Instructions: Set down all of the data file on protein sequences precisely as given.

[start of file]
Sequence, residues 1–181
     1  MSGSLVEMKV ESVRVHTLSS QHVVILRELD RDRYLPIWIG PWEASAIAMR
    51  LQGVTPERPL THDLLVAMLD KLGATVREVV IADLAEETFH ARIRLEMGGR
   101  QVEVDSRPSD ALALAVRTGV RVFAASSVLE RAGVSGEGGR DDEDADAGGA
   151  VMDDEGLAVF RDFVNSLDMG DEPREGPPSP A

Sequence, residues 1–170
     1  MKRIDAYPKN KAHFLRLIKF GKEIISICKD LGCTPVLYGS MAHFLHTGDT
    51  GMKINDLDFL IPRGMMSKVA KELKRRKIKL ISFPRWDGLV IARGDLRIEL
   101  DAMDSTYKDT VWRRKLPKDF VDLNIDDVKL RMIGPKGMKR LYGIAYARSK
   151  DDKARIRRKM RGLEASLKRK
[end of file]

Sequence, residues 1–181
     1  MSGSLVEMKV ESVRVHTLSS QHVVILRELD RDRYLPIWIG PWEASAIAMR
    51  LQGVTPERPL THDLLVAMLD KLGATVREVV IADLAEETFH ARIRLEMGGR
   101  QVEVDSRPSD ALALAVRTGV RVFAASSVLE RAGVSGEGGR DDEDADAGGA
   151  VMDDEGLAVF RDFVNSLDMG DEPREGPPSP A

Sequence, residues 1–170
     1  MKRIDAYPKN KAHFLRLIKF GKEIISICKD LGCTPVLYGS MAHFLHTGDT
    51  GMKINDLDFL IPRGMMSKVA KELKRRKIKL ISFPRWDGLV IARGDLRIEL
   101  DAMDSTYKDT VWRRKLPKDF VDLNIDDVKL RMIGPKGMKR LYGIAYARSK
   151  DDKARIRRKM RGLEASLKRK